Kata (pronounced ka-ta) could be described as a fixed sequence of predefined karate movements. It could be described poetically as a dance and some may describe it as an imaginary battle against many opponents.
I will let the movie below speak for itself in showing you a Wado Ryu kata called Seishan.
Hopefully that conveys what kata is without me typing too many words. What I will say before I move on, is that kata should be done with a physical and mental intent that brings it alive. Completing the shapes and movement without those two aspects means that the kata is dead.
The final K refers to kumite (pronounced koo-mee-te). I prefer to say that kumite represents two people engaging in combat with one another. A translation that other might use is sparring but that reduces the practice to a meaningless sporting level. Even though many of the kumite routines that we practice in Wado Ryu are prearranged and ultimately controlled for safety to each other, they must still be performed with an intent to defeat your opponent.
In Wado Ryu we train to adopt an approach to kumite that is always based on a strategy of attack. It is not self defence. Even though the pairwork might look from the outside that there is someone attacking and the other person defending, the mental attitude must always be of attack.
The class always ends with a closing bow identical to the start of the class.
The Wado-Ryu Karate-Do Academy is open to all practitioners of Wado-Ryu Karate who wish to follow the true teachings of the founder of Wado-Ryu Karate-Do, Grandmaster Hironori Ohtsuka I. The Wado Academy chief instructor is M. Shiomitsu 9th Dan Hanshi.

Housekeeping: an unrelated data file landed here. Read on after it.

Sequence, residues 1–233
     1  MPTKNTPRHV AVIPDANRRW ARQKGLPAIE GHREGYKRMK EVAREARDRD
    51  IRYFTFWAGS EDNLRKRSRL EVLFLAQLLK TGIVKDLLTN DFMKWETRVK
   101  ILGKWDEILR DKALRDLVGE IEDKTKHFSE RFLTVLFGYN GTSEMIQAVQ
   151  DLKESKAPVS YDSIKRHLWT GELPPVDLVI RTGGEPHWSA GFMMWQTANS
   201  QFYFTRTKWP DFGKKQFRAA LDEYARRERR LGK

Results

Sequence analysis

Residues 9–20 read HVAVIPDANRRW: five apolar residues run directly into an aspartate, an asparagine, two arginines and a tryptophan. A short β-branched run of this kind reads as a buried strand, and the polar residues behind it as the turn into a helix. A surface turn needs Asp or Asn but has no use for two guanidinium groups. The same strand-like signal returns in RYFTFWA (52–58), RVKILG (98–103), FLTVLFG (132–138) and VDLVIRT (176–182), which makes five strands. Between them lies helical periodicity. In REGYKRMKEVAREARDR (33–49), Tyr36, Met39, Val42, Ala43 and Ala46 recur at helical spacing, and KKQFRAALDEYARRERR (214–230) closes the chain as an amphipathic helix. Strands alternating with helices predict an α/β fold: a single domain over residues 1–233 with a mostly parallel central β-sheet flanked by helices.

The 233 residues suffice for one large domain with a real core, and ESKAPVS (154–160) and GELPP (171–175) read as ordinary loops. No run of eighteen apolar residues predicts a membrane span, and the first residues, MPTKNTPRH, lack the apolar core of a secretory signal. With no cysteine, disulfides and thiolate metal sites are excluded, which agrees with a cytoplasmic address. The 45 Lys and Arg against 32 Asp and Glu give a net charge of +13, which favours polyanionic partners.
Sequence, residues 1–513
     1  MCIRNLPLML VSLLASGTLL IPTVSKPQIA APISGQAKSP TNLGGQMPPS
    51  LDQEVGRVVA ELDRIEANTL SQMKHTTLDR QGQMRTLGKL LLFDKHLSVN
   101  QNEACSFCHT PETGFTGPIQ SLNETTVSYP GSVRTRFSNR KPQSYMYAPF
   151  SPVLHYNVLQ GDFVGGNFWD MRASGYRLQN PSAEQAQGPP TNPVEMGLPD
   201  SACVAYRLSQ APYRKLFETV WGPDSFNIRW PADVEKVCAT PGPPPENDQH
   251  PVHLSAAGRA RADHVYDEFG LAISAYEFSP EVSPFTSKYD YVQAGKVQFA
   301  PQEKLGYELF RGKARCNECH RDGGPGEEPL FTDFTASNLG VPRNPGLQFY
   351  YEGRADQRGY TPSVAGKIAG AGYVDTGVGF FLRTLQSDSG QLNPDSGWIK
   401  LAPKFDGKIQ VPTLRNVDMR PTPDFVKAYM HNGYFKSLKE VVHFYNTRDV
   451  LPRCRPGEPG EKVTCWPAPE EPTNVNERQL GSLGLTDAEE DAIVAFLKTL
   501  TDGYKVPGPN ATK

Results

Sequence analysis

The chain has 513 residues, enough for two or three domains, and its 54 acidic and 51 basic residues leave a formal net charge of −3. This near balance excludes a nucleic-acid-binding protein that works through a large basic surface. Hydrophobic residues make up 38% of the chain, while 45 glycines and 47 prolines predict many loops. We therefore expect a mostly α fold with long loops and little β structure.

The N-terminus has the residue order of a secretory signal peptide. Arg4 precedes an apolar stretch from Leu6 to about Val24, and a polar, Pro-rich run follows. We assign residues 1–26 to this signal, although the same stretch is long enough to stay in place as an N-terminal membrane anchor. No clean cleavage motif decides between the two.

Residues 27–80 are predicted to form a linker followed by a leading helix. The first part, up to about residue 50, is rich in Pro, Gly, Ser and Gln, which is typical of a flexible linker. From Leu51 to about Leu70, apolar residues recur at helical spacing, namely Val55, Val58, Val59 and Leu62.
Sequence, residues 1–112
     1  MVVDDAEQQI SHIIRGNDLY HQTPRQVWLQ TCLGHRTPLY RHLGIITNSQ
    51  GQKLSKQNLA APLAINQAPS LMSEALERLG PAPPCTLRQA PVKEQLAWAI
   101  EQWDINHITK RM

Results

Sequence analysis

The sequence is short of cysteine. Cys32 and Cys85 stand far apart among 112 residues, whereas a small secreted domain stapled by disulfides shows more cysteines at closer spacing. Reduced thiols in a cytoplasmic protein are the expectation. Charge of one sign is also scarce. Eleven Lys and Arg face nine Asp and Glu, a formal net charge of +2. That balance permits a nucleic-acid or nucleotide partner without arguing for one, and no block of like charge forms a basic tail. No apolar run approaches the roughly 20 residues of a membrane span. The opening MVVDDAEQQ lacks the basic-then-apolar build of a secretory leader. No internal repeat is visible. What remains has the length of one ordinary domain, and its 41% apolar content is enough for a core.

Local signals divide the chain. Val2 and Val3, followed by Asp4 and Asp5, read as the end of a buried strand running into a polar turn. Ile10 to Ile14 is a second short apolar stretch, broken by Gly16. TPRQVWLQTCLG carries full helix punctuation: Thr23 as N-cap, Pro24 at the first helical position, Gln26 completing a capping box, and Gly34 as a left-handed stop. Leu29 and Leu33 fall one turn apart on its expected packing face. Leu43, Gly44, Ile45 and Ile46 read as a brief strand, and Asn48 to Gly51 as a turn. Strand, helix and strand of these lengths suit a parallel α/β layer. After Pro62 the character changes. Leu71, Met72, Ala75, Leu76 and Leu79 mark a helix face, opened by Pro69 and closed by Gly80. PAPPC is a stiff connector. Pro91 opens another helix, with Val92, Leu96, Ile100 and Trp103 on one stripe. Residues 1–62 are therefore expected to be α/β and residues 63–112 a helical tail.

Since it's creation in 1989 the Academy has grown into a huge organization with affiliated clubs worldwide.
Beginners, from 13 years of age and above, are always welcome to join.
All you need to start is a t-shirt and some loose jogging/tracksuit bottoms. Your first lesson is free, alternatively you may watch a class and gauge if it is something you would like to persue.
From the outset a lot of time is spent on very basic movement and correction of arms, legs and hip positions. In fact, this continues throughout a lifetime of training.
The club is very small in number and the training is conducted in a manner that suits everyone.
The study of Wado Ryu karate is not a quick-win situation.
Should you wish to continue training you will be required to obtain a licence/insurance from the Wado Academy. You can also buy a white karate suit (known in Japanese as a 'gi') via the club.
The club does not have a rigid policy of holding regular gradings every 3 months. When they are held depends solely on the progress of the students as individuals.
The training sessions are held at St. Katharine's church hall, and the entrance is on Church Road in Southbourne, just off Belle Vue Road. You can get there using the 1c Yellow Bus service from Bournemouth and Christchurch.
The club doesn't have a policy of holding gradings every three months but is based on the progress of the students as individuals.
Thursday: 8pm to 9.30pm
We also train at another church on Douglas Road on Tuesdays but that may not be as regular and is by invitation once you have trained a while on Thursdays.
Please keep an eye on the home page for dates that the club is closed due to holidays and other church use.